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Andy Coulson resigns and takes a little bit of Murdoch with him

Andy Coulson, David Cameron’s director of communications, has resigned over the latest News of the World phone-hacking revelations and hopefully will take the overbearing influence of Rupert Murdoch with him.

Coulson was appointed, despite his dubious record at the News of the World, in return for Murdoch’s support of David Cameron at the last election. To have a representative of News Corporation at the centre of policy making was an objective longed for by Murdoch, whom many believe has far too much influence in British affairs as it is.

The unholy alliance between Tony Blair and the tabloid owning Australian has forced government policy making to take a violent swerve to the right since 1997, allowing newspapers such as the Sun and the News of the World to effectively blackmail successive home secretaries,defence ministers and even prime ministers into doing what Murdoch wanted.

The poor, prisoners, sex offenders, asylum seekers and immigrants have all suffered as a result of tabloid opinion, much of which has emanated from a man who regards himself as being able to bring down governments and make the laws that he wants to see enacted.

TheOpinionSite.org would respectfully point out that his underlying objective is, of course, to make money – and to make as much of it as possible by exploiting those who have given up on the idea of thinking for themselves and prefer instead to be told how they should live their lives.

Regrettably, that description accounts for far too many people currently living in Britain.

That Coulson’s departure from Downing Street will have disarming effect on Cameron goes without saying. The coalition government is already uncertain as to how to bring off policies that to the Conservatives are anathema and to the LibDems absolutely essential.

The pantomime over votes for prisoners and the violent reaction to the idea that the UK should abide by a perfectly just court ruling is enough to undermine the credibility of a weak prime minister and a silent deputy.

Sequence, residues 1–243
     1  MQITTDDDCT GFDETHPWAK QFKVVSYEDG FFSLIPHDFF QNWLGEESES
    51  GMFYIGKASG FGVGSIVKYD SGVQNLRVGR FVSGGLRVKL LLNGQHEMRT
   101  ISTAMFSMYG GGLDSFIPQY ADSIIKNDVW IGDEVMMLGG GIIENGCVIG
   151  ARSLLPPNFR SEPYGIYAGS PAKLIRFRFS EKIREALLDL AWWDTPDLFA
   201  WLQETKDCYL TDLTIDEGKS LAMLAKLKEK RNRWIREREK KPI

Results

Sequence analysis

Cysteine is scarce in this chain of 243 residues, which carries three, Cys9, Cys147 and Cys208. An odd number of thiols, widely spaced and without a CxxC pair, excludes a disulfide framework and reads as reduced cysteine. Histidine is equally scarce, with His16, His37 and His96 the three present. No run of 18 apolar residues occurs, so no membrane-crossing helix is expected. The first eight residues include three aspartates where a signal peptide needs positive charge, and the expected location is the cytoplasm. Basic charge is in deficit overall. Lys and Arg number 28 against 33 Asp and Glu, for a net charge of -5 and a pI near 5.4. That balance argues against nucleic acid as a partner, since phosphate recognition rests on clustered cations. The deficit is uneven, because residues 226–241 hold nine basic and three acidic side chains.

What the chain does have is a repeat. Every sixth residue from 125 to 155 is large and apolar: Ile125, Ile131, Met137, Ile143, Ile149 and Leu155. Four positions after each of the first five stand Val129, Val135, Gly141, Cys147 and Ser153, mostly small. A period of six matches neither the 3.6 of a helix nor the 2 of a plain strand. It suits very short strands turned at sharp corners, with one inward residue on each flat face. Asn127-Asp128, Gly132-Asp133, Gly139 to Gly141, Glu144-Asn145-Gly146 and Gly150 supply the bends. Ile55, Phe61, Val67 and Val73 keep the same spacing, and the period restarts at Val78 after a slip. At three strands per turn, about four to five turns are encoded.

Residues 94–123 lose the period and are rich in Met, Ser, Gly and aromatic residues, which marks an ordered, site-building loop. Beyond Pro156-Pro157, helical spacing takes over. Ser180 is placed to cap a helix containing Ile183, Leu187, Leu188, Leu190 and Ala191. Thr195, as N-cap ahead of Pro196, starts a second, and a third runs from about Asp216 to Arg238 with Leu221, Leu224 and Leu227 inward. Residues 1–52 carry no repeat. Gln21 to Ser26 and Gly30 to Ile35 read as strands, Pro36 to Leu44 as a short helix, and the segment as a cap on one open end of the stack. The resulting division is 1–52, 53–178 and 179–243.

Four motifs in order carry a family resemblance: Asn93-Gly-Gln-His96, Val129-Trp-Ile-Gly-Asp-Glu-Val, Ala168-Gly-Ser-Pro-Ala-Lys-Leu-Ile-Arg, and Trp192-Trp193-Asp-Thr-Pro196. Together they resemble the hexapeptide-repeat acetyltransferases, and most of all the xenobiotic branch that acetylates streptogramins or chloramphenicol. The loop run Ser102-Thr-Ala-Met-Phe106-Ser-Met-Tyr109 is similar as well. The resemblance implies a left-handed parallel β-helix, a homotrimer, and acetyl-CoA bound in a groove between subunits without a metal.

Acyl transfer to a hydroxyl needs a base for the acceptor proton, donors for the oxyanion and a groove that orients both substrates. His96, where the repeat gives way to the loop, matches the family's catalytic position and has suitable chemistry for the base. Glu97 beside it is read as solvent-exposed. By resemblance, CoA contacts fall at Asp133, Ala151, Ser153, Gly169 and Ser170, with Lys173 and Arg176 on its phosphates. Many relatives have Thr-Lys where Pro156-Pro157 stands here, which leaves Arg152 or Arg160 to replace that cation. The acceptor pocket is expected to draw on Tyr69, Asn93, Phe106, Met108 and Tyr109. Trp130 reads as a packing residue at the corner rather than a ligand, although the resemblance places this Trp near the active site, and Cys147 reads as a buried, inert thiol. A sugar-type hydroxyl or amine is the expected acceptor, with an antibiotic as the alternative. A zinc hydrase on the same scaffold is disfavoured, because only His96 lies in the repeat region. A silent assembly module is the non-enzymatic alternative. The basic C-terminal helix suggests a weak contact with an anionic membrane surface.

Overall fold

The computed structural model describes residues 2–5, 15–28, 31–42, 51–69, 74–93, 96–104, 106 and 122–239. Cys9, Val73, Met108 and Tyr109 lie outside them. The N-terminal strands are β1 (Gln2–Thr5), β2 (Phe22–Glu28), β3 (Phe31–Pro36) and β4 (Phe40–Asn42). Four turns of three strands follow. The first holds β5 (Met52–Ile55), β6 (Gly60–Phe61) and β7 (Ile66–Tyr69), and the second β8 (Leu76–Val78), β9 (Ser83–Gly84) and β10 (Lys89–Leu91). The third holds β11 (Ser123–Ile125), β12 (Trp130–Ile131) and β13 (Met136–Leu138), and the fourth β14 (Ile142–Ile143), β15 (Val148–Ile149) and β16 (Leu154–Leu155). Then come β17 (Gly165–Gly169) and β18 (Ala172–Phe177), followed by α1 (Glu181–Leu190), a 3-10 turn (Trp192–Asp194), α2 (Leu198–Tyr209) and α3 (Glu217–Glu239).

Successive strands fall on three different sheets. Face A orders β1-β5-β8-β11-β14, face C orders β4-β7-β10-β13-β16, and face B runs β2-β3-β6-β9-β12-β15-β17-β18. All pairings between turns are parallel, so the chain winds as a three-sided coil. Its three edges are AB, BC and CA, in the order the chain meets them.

It is apparntly fine to increase the salaries of university vice-chancellors by 20% whilst at the same time ensuring that students will be in debt for much of their working lives; assuming that is that they can get a job at all.

Combine welfare reform, cuts in benefits, prison and sentencing reviews, rising fuel prices so beloved by all governments, civil unrest, rises in VAT and Duty, increased unemployment and an education policy that almost guarantees that British educational standards are bound to fall, put all that together and one can see the benefit of having a tabloid-bred, red top communications director available to a prime minister whose authority ebbs away everytime he senses trouble and then once more changes his mind.

It would be too much to believe that Rupert Murdoch would ever lose his influence over the British government entirely, desirable though that may be. It is however feasible to believe that with Coulson’s dparture, a little reality may return to Number 10.

No doubt, Mr Murdoch will be most annoyed that he has lost his black magician from the innermost circle of those whom we allow to shape our lives but regrettably, we at TheOpinionSite.org do not believe it will be too long before the Sun and other Murdoch owned outlets once more have influence over the way in which the laws of the UK are made.

The sad truth is that most MPs are cowards and the fact is that, whether derived from phone hacking or other means, Murdoch has so much on so many politicians that none of them have got the guts to stand up to him. They enjoy the power they have over us and would rather bow to the Sun newspaper and its owner than do what is right for those that they are supposed to represent. Unfortunately, Mr Coulson’s departure will not change that miserable state of affairs.

One Response to Andy Coulson resigns and takes a little bit of Murdoch with him

  1. Merlin
    January 24, 2011 at 12:34 pm

    Thank God for that! Anything that reduces Murdoch’s influence must be a good thing

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